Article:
TotallyOriginallyCreatedByMe Conjecture

Computer Science Level pending

Consider segregating positive integers into two categories:

  • Even-type: if its prime factorization has an even number of prime(s), or it equals to \(1\).

  • Odd-type: if its prime factorization has an odd number of prime(s).

Define

  • \(E(N) \) to be the number of positive integers of even-type that are less than or equals to \(N\)

  • \(O(N) \) to be the number of positive integers of odd-type that are less than or equals to \(N\)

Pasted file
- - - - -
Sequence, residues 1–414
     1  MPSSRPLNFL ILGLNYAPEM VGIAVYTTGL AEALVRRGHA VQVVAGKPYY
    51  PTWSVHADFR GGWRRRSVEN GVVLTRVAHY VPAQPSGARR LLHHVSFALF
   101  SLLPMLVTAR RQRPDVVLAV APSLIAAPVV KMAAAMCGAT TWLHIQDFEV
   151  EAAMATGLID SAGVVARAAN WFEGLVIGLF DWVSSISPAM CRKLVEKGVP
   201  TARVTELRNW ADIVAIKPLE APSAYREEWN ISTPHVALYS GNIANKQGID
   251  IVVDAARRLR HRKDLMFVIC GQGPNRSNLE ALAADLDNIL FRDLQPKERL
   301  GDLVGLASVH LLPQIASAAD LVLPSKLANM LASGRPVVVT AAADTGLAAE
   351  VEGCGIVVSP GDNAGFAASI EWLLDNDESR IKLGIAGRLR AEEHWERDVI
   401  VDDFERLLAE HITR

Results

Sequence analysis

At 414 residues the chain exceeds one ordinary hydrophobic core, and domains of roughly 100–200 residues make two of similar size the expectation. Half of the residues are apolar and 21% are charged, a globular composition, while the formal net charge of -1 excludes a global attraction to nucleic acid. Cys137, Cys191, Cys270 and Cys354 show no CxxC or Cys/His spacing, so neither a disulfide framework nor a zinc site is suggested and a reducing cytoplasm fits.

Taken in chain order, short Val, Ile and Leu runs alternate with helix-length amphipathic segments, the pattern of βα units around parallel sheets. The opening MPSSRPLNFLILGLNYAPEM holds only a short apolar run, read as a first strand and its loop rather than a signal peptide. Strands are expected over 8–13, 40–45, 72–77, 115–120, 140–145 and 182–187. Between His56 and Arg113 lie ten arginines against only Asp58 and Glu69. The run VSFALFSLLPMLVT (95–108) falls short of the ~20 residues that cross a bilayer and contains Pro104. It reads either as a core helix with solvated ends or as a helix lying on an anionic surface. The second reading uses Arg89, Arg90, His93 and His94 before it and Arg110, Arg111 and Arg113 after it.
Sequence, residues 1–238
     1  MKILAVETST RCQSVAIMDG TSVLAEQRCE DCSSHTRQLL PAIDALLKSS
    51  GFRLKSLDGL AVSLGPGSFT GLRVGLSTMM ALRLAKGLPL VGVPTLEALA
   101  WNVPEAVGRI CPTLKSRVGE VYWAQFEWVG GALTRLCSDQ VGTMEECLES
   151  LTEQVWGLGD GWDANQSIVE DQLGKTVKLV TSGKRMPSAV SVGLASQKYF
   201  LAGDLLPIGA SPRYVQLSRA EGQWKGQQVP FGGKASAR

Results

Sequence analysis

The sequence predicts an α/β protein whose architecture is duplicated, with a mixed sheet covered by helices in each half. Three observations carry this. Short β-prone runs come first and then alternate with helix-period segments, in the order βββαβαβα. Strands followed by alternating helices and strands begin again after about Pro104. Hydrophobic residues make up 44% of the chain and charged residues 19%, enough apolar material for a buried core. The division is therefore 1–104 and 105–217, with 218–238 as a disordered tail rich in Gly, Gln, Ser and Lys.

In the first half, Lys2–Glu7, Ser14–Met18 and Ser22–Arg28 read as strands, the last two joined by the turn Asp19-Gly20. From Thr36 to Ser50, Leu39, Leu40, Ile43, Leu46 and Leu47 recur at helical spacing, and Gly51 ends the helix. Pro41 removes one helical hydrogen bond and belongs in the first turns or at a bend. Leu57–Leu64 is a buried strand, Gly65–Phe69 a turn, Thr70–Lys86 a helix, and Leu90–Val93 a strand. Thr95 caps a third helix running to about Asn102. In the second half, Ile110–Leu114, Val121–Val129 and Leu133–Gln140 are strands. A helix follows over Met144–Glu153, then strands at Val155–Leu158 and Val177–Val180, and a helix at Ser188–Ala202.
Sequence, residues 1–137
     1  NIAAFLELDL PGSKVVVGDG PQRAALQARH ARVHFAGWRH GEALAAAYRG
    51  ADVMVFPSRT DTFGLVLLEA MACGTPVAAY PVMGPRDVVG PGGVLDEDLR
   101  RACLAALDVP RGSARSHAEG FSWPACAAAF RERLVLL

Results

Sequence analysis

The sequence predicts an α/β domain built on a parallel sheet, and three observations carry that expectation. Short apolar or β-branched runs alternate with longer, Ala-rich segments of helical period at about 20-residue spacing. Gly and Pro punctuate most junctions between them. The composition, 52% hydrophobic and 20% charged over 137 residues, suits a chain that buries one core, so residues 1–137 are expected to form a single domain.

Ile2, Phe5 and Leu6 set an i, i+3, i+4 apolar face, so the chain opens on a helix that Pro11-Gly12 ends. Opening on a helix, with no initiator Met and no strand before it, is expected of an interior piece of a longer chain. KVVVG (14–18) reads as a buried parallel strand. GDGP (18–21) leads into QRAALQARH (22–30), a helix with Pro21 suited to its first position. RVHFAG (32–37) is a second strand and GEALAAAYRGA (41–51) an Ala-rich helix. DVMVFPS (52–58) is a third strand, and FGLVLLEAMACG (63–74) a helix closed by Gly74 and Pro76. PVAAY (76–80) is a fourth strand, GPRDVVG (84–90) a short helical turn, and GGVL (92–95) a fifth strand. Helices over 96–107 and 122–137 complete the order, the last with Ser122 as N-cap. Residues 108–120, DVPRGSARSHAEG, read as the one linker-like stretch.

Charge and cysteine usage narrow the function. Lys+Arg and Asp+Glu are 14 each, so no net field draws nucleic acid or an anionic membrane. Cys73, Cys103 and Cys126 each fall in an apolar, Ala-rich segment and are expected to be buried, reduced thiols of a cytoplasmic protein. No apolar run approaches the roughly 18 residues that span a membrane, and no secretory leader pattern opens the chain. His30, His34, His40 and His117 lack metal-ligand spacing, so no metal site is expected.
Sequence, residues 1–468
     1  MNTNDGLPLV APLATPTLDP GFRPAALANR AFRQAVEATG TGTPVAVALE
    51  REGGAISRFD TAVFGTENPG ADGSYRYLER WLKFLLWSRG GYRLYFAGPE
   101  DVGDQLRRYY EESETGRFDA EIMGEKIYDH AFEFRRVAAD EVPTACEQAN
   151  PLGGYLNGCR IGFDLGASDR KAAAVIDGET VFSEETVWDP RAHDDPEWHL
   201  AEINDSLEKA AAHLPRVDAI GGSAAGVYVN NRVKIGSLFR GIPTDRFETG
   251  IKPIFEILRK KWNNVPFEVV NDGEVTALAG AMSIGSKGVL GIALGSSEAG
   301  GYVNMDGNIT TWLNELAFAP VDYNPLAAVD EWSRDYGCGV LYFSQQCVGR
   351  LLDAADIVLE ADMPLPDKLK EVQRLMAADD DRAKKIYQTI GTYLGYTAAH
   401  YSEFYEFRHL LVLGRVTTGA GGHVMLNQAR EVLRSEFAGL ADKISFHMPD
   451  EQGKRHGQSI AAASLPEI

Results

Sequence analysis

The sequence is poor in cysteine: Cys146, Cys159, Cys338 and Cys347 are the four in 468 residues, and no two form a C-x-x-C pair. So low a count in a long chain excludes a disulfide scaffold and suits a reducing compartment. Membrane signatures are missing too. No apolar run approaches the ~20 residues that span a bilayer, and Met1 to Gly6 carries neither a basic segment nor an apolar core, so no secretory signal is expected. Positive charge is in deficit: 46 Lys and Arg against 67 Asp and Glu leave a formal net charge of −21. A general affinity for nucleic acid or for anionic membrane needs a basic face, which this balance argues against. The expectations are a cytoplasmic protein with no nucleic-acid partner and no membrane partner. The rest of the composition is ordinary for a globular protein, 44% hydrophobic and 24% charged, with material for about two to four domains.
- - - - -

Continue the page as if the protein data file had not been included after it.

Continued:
I claim that \( E(N) \leq O(N) \) for all positive integers \(N\) greater than \(1\) but less than \(10^9\). Am I right?

Details and assumptions:

  • \(18 = 2 \times 3 \times 3 \), which has \(3\) prime factors, so \(18\) is an odd-type

  • \(19 = 19 \), which has \(1\) prime factor, so \(19\) is an odd-type

  • \(33 = 3 \times 11\), which has \(2\) prime factors, so \(33\) is an even-type

  • If \(N=25\), then \(1,4,6,9,10,14,15,16,21,22,24,25\) are even-type, \(2,3,5,7,8,11,12,13,17,18,19,20,23\) are odd-type. So \(E(25)= 12, O(25)=13\). Which means \( E(25) \leq O(25) \), thus it's true for \(N=25\).

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